“He was so responsible … he’d help look after his younger brothers and sisters,” she says. “He was a real ‘Yes, ma’am. No, ma’am. Yes, sir. No, sir.’ kind of kid. That’s the way I brought him up.”
When he called his mom the weekend before the attack, he commiserated about t he Longhorns’ stunning loss to rival Oklahoma — the score was 63-14 — and joked that he would need to throw away the tape because the Cole was full of OU fans who were sure to give him a hard time.
He said he couldn’t tell her where the Cole was headed, but said she’d know if she watched the news, and griped a bit about a schedule change that had him eating lunch at 2 p.m.
The newness of a first deployment
Cherone Gunn’s calls home were filled with questions about
the strange new world of a Navy ship on a deployment and lots of answers and good advice from his dad, remembering his first cruise.
Cherone didn’t seem worried about the dangerous waters into which the Cole was headed.
On his last call home, he told his mom he’d just finished with mess cranking — the chore all newly assigned sailors take on, helping the ship’s cooks serve and clean up
He would die in the Cole’s galley. That’s where the bombladen boat that attacked the Cole struck the destroyer.
But from what his shipmates later told his mother, Cherone didn’t need to be there.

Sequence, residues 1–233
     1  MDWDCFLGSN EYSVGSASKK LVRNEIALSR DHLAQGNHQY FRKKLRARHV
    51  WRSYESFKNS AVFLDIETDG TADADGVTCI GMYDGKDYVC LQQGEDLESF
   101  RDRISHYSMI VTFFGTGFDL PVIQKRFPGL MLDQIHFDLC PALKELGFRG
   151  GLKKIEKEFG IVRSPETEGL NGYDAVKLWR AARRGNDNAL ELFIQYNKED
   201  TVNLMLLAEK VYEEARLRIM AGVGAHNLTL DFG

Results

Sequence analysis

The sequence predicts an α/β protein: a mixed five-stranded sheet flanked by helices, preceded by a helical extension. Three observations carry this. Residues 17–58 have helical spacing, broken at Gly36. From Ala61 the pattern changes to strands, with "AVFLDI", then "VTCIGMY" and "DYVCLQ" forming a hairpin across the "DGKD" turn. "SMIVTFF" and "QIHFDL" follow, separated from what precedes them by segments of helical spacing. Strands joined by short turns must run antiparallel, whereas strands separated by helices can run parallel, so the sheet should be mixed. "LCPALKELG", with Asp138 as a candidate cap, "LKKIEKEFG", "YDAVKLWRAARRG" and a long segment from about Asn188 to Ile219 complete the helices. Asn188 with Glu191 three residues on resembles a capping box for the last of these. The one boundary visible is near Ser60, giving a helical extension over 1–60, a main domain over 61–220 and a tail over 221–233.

He was done with cranking. But when on that never-popular duty, his shipmates remembered his cheerful spirit and efficient help — perhaps a legacy of his days as a junior at Kempsville High in the hospitality-catering cooperative education program and happy afternoons working at a nearby Holiday Inn. He had loved the part of his job at the hotel driving the airport shuttle, ferrying flight crews and pilots to and from the airport, and it had won him much good will and many smiles.
On the Cole, too, the cooks liked him a lot.
“They’d tell him, ‘C’mon back here, have some food with us,’” Mona Gunn said.
“I think that’s where he was that day.”
That fateful lunchtime
On that dreadful Tuesday morning, with reports that the boat-bomb that hit Cole struck it next to the galley, remembering that mild complaint about a late lunch schedule would give Sarah Gauna Esquivel a reed of hope through six agonizing days.
It wasn’t until Oct. 18 that that hope vanished.
That’s when Tim was found by his shipmates.
Still later, a shipmate — the Cole’s crew were a close-knit group and stay in touch — told her Tim had just gotten up from the galley table to fetch some pineapple for himself and a friend when the bomb went off.
“I keep thinking, if only he hadn’t got up, he might be alive,” she says.
“And then I think he wasn’t only my child. He was God’s.”
Jamal Gunn of Virginia Beach, center, with his mother Mona, remembers his brother, Seaman Cherone Gunn, during a 2018 ceremony at Naval Station Norfolk to observe the anniversary of the bombing of the USS Cole.
Sarah Gauna, mother of USS Cole Seaman Timothy Gauna, holds the flag she was presented during a ceremony at the cemetery in Ennis, Texas, on Oct. 25, 2000. Gauna was buried with full military honors.